85th AMS Annual Meeting

Monday, 10 January 2005
Three-dimensional modeling of North Dakota clouds using a new microphysical scheme with explicit treatment of atmospheric aerosols and hygroscopic seeding effects
Richard D. Farley, South Dakota School of Mines and Technology, Rapid City, SD; and M. R. Hjelmfelt and S. L. Hansen
Poster PDF (174.3 kB)
Interest in the use of hygroscopic seeding has been spurred by recent successes in South Africa and Mexico, which have shown that seeding with hygroscopic flares can produce substantial increases in precipitation. The details of the physical mechanisms leading to these increases are poorly understood, especially the longer-term effects typically noted. The purpose of our current research is to apply a new microphysical scheme designed for numerical simulations of seeding with hygroscopic flares in the three-dimensional dynamic cloud model developed by Terry Clark and associates to provide realistic treatment of hydrometeor development as a natural consequence of the nucleation characteristics of the background (and seeding) aerosol population. The objective is to better establish the physical processes involved in the microphysical and dynamical response of northern Great Plains convective storms to hygroscopic (and glaciogenic) seeding.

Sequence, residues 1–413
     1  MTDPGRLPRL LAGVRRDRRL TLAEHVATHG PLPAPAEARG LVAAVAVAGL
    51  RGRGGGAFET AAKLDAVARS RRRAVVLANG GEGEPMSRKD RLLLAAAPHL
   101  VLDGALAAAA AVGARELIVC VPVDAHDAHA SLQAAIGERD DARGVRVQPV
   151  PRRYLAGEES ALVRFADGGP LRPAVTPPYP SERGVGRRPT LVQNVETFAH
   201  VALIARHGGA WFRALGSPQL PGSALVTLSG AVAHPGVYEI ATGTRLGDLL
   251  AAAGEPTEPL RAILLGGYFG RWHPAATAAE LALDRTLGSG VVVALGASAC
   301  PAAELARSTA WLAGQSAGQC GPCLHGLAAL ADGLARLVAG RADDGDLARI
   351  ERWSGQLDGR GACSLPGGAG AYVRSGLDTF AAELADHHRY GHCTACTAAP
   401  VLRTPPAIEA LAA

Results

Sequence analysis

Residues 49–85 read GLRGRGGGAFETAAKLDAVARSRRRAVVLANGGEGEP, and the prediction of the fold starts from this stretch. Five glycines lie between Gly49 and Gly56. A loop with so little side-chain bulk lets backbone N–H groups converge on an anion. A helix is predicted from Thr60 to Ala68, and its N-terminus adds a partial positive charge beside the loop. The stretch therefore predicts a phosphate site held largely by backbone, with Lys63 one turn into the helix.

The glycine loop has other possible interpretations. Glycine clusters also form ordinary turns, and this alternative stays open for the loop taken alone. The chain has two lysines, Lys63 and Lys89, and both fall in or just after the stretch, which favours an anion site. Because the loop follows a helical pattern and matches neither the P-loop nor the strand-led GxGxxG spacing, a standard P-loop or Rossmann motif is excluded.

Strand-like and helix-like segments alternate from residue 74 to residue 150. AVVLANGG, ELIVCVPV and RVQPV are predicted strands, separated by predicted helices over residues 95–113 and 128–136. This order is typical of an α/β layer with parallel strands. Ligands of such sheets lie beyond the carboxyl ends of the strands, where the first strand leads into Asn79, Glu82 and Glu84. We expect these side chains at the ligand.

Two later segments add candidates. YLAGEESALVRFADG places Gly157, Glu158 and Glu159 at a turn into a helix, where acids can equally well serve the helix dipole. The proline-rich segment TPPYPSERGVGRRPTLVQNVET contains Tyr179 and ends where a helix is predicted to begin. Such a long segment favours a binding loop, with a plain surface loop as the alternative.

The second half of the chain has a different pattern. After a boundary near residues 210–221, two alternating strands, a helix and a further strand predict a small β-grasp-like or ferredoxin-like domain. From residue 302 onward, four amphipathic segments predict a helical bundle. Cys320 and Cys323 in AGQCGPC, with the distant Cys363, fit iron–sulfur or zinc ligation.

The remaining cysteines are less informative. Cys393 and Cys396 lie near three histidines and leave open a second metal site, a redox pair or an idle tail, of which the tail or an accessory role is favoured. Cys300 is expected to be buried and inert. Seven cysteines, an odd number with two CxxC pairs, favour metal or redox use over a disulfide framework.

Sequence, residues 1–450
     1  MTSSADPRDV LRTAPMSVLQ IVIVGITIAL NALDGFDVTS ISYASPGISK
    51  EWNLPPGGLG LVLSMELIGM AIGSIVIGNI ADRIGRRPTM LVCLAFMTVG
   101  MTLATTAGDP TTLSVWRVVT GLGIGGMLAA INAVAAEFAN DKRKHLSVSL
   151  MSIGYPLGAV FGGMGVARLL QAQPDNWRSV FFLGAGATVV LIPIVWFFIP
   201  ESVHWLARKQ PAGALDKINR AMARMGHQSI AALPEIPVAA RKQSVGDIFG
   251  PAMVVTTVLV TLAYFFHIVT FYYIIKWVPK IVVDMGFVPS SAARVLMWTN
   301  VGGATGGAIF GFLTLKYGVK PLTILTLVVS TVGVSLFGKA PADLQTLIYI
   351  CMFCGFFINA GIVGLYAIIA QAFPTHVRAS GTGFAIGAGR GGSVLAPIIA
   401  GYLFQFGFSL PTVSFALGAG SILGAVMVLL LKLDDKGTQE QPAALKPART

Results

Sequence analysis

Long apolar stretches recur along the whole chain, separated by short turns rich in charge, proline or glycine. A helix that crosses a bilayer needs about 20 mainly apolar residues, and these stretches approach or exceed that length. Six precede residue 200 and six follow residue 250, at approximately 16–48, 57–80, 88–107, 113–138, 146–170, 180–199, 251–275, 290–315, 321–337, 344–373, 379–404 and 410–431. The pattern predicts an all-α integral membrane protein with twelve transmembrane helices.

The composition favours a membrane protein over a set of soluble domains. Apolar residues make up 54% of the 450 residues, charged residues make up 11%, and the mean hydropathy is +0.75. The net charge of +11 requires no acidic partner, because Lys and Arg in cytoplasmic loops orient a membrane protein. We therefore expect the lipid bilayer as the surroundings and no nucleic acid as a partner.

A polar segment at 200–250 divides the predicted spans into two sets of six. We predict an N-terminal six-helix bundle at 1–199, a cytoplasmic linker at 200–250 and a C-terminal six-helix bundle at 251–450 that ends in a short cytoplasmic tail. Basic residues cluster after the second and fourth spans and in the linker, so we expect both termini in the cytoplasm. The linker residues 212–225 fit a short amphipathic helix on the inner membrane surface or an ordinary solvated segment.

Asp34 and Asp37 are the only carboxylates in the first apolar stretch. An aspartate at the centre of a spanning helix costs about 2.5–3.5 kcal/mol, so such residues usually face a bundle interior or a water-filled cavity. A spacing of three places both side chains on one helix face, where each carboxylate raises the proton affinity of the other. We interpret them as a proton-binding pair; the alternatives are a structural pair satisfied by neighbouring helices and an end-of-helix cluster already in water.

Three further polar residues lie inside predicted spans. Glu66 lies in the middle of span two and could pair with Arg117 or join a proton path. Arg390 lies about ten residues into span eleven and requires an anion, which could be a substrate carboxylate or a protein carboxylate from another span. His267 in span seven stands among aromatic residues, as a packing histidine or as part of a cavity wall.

The new scheme includes the following features: Nucleation of both natural and artificial aerosols is treated directly, with explicit prediction of supersaturation. The warm rain process is treated in sufficient detail that development of drizzle and rain is a function of the cloud droplet distributions produced by activated aerosols. Six hydrometeor classes are used; cloud water and rain define the liquid water spectra, while the ice particle spectra is divided into four classes - ice crystals, snow, graupel and hail. Two moments of the size distribution, number concentration, and mixing ratio are predicted for each hydrometeor class, including the cloud droplet and ice crystal populations, with the particle size distributions generalized as gamma distributions (of which exponential distributions are a special case). Each hydrometeor class interacts with water vapor and the other hydrometeor classes through a series of idealized representations or parameterizations of the physical processes of nucleation of cloud condensation nuclei, condensation/evaporation, collision/coalescence including drop breakup, both homogeneous and heterogeneous nucleation of ice crystals, deposition/sublimation, collision/aggregation, accretion, freezing, melting and shedding, and ice multiplication via the rime splintering mechanism.

In this presentation we will describe simulations with the new scheme and with the widely used Lin et al. (1983) IAS scheme. Cases include historic cases from the North Dakota Thunderstorm Project (28 June 1989) and the North Dakota Tracer Experiment (1 July 1993). We also hope to include additional cases, especially weaker storms from more recent field operations, in the conference presentation. Simulations using the new microphysical scheme are compared to results obtained using the older IAS scheme, and to observations, to evaluate the performance for the new scheme. Additional tests are performed to examine the sensitivity of the new scheme to variations in such properties as cloud base temperature, CCN and IN spectra.

Supplementary URL: